Anger mounting after collapse

By Rhonda Dredge

The setting is like that of a Gothic novel. A dark laneway leads beside the Careers Australia building in Flinders St where plotters can be overheard, working on means of getting an education. 

Some have paid fees of $25,000 to study online for a diploma that will allow them to work in the nursing profession but they’ve been told they will have to start again.

There were rumours a month ago. Now students have been locked out of their campus and they’re coming out of the shadows to protest. They feel like targets of an unscrupulous industry.

The lights of Careers Australia were still shining in the window when the protestors arrived, pumping out slogans, even though the receivers were now in control.

The for-profit educational company rose to become the largest VET provider in Australia with 15,000 students at 13 campuses around the country and a vigorous marketing presence on the internet.

The company’s Facebook page is full of helpful hints for students such as the prophetic: “Consider keeping a ‘learning log’ to ensure you learn from your mistakes, as well as your successes.”

Come Monday morning and online students are usually opening their laptops to complete their assignments but not now. It’s time for them to consider their mistakes.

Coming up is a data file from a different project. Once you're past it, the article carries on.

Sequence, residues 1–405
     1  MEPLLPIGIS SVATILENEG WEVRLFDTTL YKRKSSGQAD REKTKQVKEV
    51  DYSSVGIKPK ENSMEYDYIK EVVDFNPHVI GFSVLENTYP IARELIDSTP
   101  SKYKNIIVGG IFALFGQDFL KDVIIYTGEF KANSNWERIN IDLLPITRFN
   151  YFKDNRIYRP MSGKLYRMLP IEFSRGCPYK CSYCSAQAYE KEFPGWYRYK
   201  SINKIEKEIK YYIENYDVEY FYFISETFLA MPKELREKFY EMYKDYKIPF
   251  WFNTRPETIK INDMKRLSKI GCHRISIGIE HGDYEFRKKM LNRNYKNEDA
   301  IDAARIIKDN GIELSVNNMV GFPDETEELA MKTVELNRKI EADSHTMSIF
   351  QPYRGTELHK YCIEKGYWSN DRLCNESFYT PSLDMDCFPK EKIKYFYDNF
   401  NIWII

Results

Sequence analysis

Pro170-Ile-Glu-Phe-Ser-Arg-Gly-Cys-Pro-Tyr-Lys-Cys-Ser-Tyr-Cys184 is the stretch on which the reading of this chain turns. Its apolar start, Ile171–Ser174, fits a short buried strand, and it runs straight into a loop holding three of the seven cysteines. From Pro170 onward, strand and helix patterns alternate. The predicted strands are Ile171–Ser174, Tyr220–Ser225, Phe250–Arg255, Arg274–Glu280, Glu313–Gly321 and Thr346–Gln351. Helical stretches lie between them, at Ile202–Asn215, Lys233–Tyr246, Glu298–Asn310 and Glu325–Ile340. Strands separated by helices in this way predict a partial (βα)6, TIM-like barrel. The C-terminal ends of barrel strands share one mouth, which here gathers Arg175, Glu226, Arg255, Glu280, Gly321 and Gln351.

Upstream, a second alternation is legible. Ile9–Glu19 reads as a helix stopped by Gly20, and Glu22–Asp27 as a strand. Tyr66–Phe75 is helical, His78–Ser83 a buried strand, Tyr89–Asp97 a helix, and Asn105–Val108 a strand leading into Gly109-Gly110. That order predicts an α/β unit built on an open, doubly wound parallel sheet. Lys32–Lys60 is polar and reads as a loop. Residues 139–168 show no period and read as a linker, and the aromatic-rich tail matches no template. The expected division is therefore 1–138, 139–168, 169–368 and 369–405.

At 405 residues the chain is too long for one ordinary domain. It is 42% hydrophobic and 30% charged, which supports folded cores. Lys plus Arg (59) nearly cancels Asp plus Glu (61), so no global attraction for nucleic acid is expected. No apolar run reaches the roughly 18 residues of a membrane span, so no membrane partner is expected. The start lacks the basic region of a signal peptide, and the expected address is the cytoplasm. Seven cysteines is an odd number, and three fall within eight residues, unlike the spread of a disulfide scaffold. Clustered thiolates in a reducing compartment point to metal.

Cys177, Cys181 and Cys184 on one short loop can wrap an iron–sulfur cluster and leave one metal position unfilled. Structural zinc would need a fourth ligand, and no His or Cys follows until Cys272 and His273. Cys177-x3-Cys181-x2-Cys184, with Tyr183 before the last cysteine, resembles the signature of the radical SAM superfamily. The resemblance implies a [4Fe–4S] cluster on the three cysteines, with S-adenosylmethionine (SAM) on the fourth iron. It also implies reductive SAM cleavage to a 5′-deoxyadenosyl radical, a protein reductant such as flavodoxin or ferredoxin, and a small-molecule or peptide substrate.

One protestor paid a fee of $5000 just two days before the company went into receivership, two weeks after the Federal Government refused to continue funding the company with student loans.

The protestors are furious. Most of them have signed up for a diploma of nursing. Many of them are international students who have been lured here and have paid upfront.

Now, with just four months to go before completion of the diploma the hard reality of education politics has slammed the door on students, locking them out of the careers they so desired.

“The director left two weeks ago,” said one protestor. “Some text messages have been sent out but they told us nothing.”

Teachers have been dismissed without pay and the course code changed, say the protestors, so they won’t be able to transfer with credits to other courses.

Come Tuesday and the doors are still locked on the historic Flinders St building, designed to reflect the architectural qualities of St Paul’s next door.

A notice on the door provides the Brisbane phone number of the receivers. A man arrives and phones someone inside.  He is an accountant, a former employee of a subsidiary of the company. He is let in.

“I don’t feel good about it all,” he said, refusing to give his name.

Other education providers have been swift to capitalise on the collapse. At the top of Google is an offer to students from a TAFE but when you click, all you get is a standard enquiry form, complete with a secret security code, similar to the one that got you into trouble in the first place.

And when you phone the Brisbane number, a spokeswoman passes you on to a PR spokesman in Sydney. You call the number and he’s in a meeting, building his own career.

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